Ask yourself, “How am I making maturing disciples of the children in my ministry?”
Consider re-evaluating your curriculum.
Create Bible reading plans, prayer guides, or tithe and offering charts for your kids.
Teach kids to journal and take notes, to actively listen during sermons, and to share the gospel.
Make sure every kid has access to a Bible she can use and understand.

6. Help kids identify their gifts.
Create opportunities for them to use those gifts to work alongside their parents or other adults in serving the church.

7. Identify needs in your community kids can help meet.
What mission projects or outreach strategies could you adjust to include kids?

8. Become tech-savvy.
Use social media and send engaging emails to connect with kids and families during the week. Text parents in honor of kids’ life events, birthdays, or to follow up on prayer requests. Brainstorm ways for your teachers to incorporate technology in their classrooms…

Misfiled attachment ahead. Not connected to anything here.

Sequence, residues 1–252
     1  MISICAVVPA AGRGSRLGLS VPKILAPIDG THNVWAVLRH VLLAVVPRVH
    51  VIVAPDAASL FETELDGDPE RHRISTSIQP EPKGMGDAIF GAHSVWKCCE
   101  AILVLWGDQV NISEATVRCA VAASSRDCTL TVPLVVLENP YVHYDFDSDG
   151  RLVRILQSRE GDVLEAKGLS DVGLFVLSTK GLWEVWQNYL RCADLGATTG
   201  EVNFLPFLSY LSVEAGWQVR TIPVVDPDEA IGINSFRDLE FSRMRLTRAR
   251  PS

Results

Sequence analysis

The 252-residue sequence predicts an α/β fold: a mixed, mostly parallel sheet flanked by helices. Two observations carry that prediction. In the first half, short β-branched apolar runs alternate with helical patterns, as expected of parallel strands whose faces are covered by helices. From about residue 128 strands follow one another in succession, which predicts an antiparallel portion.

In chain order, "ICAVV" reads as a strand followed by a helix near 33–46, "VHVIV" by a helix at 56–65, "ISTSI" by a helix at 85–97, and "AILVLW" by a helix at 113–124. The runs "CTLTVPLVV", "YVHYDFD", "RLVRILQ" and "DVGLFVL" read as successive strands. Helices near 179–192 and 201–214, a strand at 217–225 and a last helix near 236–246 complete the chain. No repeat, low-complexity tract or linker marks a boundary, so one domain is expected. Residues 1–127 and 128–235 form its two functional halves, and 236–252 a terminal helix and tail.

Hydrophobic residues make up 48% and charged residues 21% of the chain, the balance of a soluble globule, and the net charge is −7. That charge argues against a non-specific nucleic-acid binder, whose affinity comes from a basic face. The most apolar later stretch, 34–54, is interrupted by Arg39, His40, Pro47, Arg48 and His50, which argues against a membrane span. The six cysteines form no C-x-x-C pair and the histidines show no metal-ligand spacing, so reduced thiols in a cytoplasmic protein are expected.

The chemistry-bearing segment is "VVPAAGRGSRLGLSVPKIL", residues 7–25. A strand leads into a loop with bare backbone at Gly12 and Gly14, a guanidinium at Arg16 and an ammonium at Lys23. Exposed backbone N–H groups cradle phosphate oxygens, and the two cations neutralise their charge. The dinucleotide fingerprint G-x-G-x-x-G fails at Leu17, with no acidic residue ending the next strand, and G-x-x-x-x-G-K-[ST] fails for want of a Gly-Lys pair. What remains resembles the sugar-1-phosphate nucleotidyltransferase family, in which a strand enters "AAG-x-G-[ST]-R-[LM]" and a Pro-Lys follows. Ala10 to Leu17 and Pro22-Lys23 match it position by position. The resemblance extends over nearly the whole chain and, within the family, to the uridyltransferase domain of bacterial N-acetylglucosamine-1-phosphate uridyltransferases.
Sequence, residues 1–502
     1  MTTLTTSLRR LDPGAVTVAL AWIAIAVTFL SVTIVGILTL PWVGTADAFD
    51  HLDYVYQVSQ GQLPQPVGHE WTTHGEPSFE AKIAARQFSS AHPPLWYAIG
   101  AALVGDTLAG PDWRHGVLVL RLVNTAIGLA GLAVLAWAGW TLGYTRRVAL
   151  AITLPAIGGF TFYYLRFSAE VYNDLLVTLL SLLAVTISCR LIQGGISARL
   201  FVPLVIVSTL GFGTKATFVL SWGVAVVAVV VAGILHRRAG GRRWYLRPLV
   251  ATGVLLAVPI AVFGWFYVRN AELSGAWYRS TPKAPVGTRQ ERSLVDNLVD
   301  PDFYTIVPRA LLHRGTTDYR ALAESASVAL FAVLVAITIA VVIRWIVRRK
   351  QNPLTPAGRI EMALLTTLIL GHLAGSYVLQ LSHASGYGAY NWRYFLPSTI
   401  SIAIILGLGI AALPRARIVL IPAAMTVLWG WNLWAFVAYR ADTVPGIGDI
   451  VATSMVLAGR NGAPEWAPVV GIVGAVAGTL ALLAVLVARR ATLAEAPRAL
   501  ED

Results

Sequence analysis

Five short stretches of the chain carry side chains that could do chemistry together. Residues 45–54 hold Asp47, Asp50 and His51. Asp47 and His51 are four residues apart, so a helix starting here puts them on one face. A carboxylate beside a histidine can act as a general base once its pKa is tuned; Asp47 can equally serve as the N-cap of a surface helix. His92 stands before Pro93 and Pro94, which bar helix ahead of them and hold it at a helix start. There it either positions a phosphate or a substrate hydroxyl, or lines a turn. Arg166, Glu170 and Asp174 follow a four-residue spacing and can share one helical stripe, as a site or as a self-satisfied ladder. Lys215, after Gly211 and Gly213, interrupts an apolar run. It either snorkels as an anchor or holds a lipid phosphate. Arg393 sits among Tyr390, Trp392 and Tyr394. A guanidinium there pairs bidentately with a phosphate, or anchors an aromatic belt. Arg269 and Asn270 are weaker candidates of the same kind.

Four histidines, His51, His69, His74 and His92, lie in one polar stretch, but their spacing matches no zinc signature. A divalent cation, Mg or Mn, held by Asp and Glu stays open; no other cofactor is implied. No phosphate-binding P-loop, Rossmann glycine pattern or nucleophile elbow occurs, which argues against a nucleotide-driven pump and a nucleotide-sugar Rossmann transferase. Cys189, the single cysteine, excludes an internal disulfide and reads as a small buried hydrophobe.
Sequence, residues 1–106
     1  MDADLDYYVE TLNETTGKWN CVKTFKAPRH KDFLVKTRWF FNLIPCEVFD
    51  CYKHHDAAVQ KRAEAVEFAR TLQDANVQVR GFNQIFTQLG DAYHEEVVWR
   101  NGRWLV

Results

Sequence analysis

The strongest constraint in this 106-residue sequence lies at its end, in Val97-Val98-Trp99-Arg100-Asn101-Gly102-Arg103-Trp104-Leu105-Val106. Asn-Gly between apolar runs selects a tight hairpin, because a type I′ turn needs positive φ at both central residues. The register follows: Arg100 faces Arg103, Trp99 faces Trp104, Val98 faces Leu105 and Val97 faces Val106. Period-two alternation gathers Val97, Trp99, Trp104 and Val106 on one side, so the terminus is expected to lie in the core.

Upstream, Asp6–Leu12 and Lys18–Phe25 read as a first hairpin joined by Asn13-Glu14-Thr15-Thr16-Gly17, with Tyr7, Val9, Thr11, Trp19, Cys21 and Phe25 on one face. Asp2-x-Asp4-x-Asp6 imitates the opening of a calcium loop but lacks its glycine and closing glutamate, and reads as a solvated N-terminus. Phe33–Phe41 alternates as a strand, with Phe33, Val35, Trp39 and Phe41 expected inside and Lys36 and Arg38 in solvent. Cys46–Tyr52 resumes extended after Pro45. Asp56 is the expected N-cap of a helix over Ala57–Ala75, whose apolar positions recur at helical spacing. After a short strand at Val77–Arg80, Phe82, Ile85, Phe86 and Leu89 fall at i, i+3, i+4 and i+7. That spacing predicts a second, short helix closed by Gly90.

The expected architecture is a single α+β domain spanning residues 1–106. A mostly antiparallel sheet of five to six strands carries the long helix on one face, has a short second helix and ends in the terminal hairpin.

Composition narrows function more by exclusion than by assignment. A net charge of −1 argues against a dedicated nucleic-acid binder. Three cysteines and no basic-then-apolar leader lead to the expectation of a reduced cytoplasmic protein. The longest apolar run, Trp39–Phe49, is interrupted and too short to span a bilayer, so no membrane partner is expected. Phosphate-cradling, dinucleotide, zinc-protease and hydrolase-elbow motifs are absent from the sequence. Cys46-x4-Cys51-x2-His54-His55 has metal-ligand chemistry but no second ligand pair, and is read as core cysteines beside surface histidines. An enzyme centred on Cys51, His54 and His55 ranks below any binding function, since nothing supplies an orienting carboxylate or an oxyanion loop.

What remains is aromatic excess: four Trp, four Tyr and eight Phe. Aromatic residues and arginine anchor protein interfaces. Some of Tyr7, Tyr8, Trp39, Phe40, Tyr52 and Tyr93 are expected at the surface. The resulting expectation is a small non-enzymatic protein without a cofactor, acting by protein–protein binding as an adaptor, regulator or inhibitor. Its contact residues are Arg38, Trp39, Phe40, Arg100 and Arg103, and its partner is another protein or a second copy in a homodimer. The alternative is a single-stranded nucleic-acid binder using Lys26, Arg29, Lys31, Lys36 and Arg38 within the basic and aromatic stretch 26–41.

9. Use physical Bibles on a regular basis.
Teaching today’s tech-savvy kids to use paper Bibles—in addition to e-Bibles—will help develop vital biblical literacy skills.


10. Start planning now for your Vacation Bible School.
Nine out of 10 American adults who attended Vacation Bible School during childhood have positive memories associated with VBS.
Even among people who never attended VBS, their perception is overwhelmingly positive. Every year, millions of people participate in VBS, tens of thousands of salvations are reported, and churches engage with their communities in unmatched ways.
It’s worth it.

11. Plan special kids and family events.
In addition to VBS, camp, and other summertime events, set several dates on the church calendar for kids to interact with one another and with church members.
In addition to Sunday School, adjust church-wide activities to be more welcoming and inclusive of children.